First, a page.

Jerry Hulse's Jan. 5 article on Bisbee, Ariz., was particularly fascinating to me because that is where most of my kinfolk come from. My grandfather came into Tombstone, Ariz., in 1875, and married a very marvelous and strong Irish gal by the name of Julia Sullivan, and they raised four kids during the heyday of the Tombstone activities, including the shoot-out at the OK Corral. Characteristically, they lived on a street called Tough Nut Street, and as most of the Irish Miners did, they moved to Bisbee when the mines played out in Tombstone.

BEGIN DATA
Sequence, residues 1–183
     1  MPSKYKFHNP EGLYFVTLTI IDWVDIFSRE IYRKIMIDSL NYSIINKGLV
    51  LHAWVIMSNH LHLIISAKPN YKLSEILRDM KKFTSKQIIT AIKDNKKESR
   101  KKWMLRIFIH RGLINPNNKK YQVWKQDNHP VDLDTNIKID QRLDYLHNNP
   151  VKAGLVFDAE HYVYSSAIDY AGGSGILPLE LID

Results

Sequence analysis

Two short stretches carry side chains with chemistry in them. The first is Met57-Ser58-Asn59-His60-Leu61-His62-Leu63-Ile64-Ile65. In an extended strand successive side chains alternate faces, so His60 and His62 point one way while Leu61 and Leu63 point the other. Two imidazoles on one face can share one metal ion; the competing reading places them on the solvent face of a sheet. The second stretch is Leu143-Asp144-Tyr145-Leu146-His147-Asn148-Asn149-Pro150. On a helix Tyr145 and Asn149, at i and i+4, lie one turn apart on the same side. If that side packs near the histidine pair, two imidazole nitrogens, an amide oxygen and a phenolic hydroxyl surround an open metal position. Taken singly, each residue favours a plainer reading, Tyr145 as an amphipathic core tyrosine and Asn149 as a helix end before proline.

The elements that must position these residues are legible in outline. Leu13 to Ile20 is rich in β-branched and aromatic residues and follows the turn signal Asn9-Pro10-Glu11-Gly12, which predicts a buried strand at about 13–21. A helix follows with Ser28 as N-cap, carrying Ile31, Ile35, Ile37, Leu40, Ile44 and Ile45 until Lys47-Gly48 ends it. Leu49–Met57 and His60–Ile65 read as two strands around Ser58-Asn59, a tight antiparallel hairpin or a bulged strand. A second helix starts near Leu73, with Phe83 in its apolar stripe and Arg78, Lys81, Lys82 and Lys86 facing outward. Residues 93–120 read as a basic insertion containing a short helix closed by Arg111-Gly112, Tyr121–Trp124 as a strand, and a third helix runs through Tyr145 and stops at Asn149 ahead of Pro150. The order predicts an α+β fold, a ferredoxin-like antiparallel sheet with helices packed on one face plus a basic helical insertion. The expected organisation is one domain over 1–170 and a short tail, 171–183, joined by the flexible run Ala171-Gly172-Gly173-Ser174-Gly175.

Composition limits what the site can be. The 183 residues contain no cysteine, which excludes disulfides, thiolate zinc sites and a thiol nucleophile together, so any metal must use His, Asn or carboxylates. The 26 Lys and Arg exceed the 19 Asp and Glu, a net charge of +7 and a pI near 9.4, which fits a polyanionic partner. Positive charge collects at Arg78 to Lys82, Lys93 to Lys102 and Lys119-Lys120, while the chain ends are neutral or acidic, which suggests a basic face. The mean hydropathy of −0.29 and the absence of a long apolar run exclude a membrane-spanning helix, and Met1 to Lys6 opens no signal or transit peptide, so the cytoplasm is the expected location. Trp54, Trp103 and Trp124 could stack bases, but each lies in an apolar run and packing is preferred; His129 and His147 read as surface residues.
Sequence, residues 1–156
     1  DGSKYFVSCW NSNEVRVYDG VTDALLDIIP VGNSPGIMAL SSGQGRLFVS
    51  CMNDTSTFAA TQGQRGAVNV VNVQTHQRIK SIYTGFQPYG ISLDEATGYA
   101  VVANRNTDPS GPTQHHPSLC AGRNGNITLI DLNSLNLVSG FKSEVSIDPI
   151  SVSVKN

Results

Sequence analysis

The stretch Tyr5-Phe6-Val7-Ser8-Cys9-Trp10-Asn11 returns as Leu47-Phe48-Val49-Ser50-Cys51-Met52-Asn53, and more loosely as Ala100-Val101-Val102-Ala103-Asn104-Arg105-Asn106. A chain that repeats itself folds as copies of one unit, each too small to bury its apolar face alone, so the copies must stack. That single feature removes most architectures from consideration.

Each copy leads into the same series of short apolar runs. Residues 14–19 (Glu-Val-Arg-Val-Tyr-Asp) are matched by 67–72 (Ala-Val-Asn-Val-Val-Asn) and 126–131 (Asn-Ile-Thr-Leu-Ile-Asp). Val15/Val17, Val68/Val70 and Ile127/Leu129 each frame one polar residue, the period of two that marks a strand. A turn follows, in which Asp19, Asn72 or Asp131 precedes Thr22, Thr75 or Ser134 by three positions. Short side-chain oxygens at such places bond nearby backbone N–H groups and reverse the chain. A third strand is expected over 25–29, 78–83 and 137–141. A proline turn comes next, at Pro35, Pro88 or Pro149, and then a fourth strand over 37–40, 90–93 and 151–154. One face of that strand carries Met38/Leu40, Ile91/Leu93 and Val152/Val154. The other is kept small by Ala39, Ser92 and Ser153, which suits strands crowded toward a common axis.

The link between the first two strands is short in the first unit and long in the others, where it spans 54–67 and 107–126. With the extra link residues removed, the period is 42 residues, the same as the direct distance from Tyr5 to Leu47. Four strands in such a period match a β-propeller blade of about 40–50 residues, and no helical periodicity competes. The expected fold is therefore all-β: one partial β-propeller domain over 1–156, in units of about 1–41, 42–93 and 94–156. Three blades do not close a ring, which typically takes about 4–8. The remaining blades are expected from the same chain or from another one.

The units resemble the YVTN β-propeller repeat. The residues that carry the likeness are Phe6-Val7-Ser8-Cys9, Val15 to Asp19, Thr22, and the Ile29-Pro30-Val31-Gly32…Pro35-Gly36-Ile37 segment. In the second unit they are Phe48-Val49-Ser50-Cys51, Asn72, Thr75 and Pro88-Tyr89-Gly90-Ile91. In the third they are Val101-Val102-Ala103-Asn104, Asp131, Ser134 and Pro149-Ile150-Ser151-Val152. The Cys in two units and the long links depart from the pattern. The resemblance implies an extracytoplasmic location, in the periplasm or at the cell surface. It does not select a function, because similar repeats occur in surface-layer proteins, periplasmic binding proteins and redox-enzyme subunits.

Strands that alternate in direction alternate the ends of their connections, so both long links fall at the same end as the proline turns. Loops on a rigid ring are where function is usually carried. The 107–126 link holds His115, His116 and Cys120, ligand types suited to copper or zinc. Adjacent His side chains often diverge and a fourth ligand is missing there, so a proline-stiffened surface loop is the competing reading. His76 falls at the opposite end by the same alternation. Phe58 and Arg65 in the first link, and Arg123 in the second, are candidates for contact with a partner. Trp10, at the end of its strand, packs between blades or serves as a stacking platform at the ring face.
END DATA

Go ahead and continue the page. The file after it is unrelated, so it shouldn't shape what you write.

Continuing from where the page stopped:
My grandfather was killed at the age of 45 in the Copper Queen Mine, leaving my grandmother to raise a family of five.
In the evening when you look over the big open-cut area where the Copper Queen was, the color turns to a pure lavender. Many people think this is the reason it is named the Lavender Pit. However, by sheer coincidence, the geologist who masterminded the open-cut pit was named Lavender. He is buried next to my grandfather in the Bisbee cemetery.
ARTHUR F. KELLY